In my judgement, the financial system is capable of absorbing this shock, but investment portfolios will certainly not be immune from some impact. A period of heightened volatility is inevitable until the politics of the separation process become clearer. Weak sterling will benefit the UK stock market due to companies earning most of their profits from abroad. Volatility will throw up a number of attractive opportunities and we expect to be able to purchase high quality companies with solid dividends at good prices.
In the midst of the maelstrom, two factors suggest that the turbulence may pass sooner rather than later. First, growth fears should not be overblown. The UK will suffer a hit, but with governments and central banks standing by to provide support, the immediate impact in Europe should be relatively small. With the US economy still delivering solid performance and the developing world stabilising, the picture for global growth should not change very much. More crucially, since its weaknesses were exposed in 2007, the world’s financial system has built up its capital reserves and is now well braced for trouble. The suppliers of capital (banks) are not overextended, the users of capital (investors) are not complacent and the world’s financial fire-fighters (the central banks) are fully engaged in ensuring that any sparks of fear are rapidly doused with liquidity. In this context the potential for a single adverse event (such as Brexit) to have a domino effect is low.
I strongly believe that in many ways the vote will not be as negative on markets as implied by many commentators, politicians and Remain campaigners. For a start central bankers are likely to respond to the vote by supporting markets; the Federal Reserve in the US is likely to delay any rise in interest rates further, whilst central banks in the UK, Eurozone and Japan are likely to increase intervention in order to prevent a “Lehman” moment. Yesterday’s vote could be a key event on the road to a much needed loosening in fiscal policy in Europe as politicians work to prevent a European recession (the vote may even accelerate beneficial wider EU reform). In essence, I believe that the world need not enter a self-inflicted recession on the back of this vote.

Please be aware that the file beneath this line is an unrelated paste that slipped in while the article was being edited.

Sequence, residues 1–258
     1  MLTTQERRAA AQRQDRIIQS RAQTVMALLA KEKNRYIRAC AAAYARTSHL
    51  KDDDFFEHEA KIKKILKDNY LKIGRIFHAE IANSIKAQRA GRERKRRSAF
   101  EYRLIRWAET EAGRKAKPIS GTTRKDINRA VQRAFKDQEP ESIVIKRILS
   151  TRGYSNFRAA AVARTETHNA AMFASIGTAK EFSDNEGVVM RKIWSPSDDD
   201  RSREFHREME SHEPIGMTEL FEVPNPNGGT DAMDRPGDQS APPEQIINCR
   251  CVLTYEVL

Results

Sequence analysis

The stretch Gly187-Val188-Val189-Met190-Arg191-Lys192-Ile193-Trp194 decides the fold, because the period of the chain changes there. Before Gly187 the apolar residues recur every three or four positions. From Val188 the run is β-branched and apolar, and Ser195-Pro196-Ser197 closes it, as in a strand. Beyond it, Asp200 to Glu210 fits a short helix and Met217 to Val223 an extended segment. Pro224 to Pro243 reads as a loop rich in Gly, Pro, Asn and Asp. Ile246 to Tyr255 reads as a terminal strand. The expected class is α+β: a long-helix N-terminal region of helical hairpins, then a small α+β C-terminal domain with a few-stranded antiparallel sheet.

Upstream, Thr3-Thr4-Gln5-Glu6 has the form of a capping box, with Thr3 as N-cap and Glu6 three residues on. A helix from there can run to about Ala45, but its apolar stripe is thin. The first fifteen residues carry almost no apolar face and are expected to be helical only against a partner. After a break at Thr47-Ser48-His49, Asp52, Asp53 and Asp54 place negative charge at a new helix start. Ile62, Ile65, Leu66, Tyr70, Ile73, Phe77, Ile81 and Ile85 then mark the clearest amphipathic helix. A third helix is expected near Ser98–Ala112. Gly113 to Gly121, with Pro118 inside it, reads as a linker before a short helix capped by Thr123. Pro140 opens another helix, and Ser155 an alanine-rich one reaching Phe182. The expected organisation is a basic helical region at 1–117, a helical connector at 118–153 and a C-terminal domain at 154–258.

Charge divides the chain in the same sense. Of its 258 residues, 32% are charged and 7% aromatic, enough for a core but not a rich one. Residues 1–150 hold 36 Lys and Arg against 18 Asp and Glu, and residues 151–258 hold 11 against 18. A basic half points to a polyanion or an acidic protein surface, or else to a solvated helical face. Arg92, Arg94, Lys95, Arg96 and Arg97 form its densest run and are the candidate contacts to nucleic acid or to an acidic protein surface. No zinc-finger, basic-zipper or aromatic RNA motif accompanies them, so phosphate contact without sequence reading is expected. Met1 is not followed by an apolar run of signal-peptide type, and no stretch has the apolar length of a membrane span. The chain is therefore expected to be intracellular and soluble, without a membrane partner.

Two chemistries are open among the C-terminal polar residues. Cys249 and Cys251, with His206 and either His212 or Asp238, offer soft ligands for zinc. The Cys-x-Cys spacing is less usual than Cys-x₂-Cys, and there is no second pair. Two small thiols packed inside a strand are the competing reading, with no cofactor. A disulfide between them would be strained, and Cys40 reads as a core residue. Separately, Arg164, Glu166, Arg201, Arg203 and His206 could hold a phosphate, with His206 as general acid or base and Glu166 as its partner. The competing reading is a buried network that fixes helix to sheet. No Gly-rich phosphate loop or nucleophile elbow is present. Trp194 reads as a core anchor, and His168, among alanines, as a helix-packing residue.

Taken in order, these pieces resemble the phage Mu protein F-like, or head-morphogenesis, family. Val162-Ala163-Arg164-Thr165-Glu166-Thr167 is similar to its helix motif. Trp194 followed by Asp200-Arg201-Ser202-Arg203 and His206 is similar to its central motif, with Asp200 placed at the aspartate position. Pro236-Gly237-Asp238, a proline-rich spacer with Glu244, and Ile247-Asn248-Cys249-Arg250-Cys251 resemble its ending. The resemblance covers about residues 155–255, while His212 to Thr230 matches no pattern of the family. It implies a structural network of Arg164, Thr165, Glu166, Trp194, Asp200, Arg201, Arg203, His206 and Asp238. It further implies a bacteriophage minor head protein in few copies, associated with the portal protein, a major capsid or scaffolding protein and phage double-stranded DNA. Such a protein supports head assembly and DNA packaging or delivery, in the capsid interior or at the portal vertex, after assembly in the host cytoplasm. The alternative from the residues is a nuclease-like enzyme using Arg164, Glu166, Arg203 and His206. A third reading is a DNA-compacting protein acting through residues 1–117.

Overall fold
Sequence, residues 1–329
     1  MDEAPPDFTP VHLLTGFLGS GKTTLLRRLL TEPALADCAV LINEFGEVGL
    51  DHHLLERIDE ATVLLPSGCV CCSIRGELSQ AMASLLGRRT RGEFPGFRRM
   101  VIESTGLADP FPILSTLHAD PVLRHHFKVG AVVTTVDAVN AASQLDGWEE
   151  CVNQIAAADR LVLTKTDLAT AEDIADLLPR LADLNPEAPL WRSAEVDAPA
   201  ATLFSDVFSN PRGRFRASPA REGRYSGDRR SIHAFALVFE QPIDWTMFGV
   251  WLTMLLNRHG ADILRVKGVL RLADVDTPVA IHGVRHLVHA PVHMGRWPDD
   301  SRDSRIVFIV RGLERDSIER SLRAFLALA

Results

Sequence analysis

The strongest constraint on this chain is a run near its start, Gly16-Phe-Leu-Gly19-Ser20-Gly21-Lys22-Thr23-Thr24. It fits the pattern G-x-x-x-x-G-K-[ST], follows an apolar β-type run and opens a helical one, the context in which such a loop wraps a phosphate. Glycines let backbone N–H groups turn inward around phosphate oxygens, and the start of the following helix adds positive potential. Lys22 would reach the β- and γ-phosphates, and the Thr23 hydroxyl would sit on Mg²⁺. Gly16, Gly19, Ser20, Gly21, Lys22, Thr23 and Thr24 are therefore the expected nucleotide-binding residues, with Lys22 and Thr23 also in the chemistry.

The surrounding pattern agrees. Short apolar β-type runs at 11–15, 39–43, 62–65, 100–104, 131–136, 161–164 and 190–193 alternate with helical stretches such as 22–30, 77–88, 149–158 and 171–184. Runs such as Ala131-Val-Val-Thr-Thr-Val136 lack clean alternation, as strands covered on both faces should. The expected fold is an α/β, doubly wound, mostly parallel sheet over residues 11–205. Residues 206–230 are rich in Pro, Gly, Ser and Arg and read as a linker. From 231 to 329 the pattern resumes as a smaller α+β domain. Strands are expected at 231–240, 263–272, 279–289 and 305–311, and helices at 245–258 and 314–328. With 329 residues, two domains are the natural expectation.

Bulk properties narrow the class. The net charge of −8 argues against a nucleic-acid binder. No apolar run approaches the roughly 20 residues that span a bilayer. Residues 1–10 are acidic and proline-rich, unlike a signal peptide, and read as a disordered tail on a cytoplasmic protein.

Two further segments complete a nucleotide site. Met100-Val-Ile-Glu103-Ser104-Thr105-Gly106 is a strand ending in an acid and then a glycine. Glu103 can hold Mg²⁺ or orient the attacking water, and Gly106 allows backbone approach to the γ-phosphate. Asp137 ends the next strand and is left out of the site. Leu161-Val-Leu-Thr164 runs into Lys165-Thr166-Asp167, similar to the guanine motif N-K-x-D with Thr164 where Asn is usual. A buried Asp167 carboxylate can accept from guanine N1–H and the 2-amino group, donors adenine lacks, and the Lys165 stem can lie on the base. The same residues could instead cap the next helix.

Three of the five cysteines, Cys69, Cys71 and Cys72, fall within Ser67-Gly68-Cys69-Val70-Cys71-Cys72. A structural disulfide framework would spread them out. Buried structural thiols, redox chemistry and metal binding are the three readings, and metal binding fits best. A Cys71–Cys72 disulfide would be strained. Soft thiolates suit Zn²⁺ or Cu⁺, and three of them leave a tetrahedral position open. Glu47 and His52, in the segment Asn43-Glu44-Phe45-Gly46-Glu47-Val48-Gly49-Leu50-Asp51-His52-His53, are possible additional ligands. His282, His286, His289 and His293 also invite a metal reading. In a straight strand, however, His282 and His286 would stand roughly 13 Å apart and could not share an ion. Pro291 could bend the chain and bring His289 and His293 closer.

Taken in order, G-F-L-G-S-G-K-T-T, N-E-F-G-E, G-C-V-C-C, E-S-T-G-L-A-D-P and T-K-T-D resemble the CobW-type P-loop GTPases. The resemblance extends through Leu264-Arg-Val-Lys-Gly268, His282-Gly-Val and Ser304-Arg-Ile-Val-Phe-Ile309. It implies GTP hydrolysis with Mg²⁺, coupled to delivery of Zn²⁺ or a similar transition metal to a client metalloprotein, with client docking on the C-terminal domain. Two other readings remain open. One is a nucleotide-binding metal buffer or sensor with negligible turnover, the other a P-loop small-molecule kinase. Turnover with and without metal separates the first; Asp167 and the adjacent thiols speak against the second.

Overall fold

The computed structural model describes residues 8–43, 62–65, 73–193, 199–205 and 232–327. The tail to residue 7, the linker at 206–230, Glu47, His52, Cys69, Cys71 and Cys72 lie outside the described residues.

Once Article 50 is invoked there are two years to renegotiate the UK’s relationship with the EU. It will be in everyone’s interests to do so sensibly and, as an economic powerhouse, the UK will have a good bargaining hand. It must not be forgotten that Britain, with its open economy, strong rule of law, functioning democracy, good education system, historic benefit of having English as the mother tongue, and fundamental pro-business policies that reward hard work, will, over the medium term, certainly prosper. Any asset price falls combined with a weakening in sterling will make UK assets very attractive to foreign investors. Let us also not forget that the UK stock market is one of the highest yielding in the world in an environment where yield is increasingly hard to find. It is for these reasons that I do not fear the future and am quietly optimistic about the future.
Some of the issues explained:
• Article 50 is the part of the Lisbon treaty which, once invoked, sets in motion a two-year process in which a member state can notify the EU council of its decision to leave. The decision to trigger Article 50 is a decision for the Prime Minister and the Cabinet and, once triggered, results in the UK’s ejection from the EU at the end of the two year period (unless the rest of the EU unanimously decides to extend the negotiations). In that time there is no change as the UK still votes on EU policy and the UK’s membership of the EU continues on the current terms while the European Council negotiates with the UK on tariffs/quotas/free movement etc.
• There’s an outside chance of a renegotiation of terms despite comments to the contrary in recent weeks by both Leave and Remain campaigns. Jean-Claude Juncker also made similar comments earlier this week (warning that ‘out is out’ and that the UK won’t be able to negotiate a better/different deal than the one already agreed by Cameron earlier this year). Despite this, it’s possible that Cameron, before leaving, will attempt to re-open discussions (albeit this is not our central case expectation). Boris Johnson has also emphasised this possibility.
• The UK economy: There’s potential for uncertainty to dampen consumer & business confidence (and to delay business/capex decisions). There has already been some softening of confidence and investment spending data in recent months/quarters (e.g. see FIG 3). Given that there’s likely to be increased stimulus from central banks with no change in the UK’s EU relationship for two years, we expect the downside in the economy to be less significant than the widely touted central bank case of Treasury/OECD/IMF and so on. Growth may just stagnate near term.
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This article contains information on the EU Referendum results. The information given is not advice and should not be treated as such.